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How to start planning your retirement? Start with what you want it to look like

It’s key to focus on the factors you can control when creating a retirement plan.

Though it might seem far away, the decisions you make today about how much to save and where to invest your money will affect the quality of your retirement. Other factors will creep into your plans, too, such as the rising cost of living, whether you experience a divorce or choose to become self-employed and pensionless. Therefore, it’s key to focus on the factors you can control when creating a retirement plan.

Start with a vision: All retirement plans need to start with the vision you have for your future. Think big! Ask yourself the following: When do you want to retire? Where would you like to live? Would you like to travel? Will you be making gifts or donations? What kinds of hobbies would you like to participate in? Based on family history, will you live longer or shorter than the average person (average lifespan today is mid-80s)? What potential medical costs do you foresee in the future?

It’s key to focus on the factors you can control when creating a retirement plan, Lesley-Anne Scorgie writes.

Quantify your vision: In today’s dollars, meaning that you should strip out any factors of inflation, what does an average year of your ideal retirement cost? Lay out the categories and put a price tag by each:

  • Regular living expenses such as utilities, parking, property taxes, internet, and mobile phone, rent (if applicable), home insurance, and auto related costs. If you’re a homeowner, remember that you’ll likely be mortgage-free, or close to it;
  • Travel expenses such as long- or short-term vacation rentals, plane tickets, costs for managing a vacation property, car rentals, and travel medical insurance;
  • Gifts of money to people and places such as children, church, or charity;
  • Hobbies such as golf, art classes, book clubs, squash clubs, and more;
  • Life and medical insurance premiums. Note that as you age, term life policies become very expensive.

What does it all add up to over the course of one year? Now, add another 50 per cent to those costs to factor in inflation. For example, if the year costs $50,000, add another $25,000 for a total of $75,000 to factor in inflation. Last, break that total number down by month.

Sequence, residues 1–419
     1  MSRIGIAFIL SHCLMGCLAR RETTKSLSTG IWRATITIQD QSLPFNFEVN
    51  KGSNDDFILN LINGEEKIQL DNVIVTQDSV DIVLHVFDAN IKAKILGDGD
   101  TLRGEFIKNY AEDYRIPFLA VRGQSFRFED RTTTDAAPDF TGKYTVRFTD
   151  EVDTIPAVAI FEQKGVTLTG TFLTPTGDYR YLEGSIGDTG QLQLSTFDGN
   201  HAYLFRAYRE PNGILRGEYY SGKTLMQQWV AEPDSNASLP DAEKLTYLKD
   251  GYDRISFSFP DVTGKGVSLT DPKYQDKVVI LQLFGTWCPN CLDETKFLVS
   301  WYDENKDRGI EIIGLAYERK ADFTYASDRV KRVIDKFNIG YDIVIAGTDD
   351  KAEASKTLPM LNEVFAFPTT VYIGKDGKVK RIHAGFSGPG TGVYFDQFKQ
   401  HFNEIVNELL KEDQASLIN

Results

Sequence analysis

Convert your costs into a value for your nest egg: Use a rule of thumb to help calculate the size of the nest egg you’ll need. It’s simply that for every $1,000 per month you need in your retirement, it will require approximately $250,000 of retirement savings. In other words, it takes about $250,000 of invested money (earning regular interest and dividends) to generate $1,000 per month of income in retirement.

If your retirement vision costs $4,000 per month, you’ll need a nest egg of approximately $1 million. If your vision is $6,000 per month, your nest egg would need to be $1.5 million, and so on.

Where are your retirement savings today versus the size of your nest egg?: Does it feel like you’re far from your nest-egg goal? That’s what you can focus on next; amping up your savings. Play around with a compound interest calculator online to determine how much to save each month. Adjust the monthly savings value and rate of return (which we recommend you keep at 6.5 to 7 per cent), until you reach the desired size of your nest egg.

If you’re not saving enough, take a look at your budget to find ways to save a bit more. Or, consider growing your income through a higher paying job or taking on additional work.

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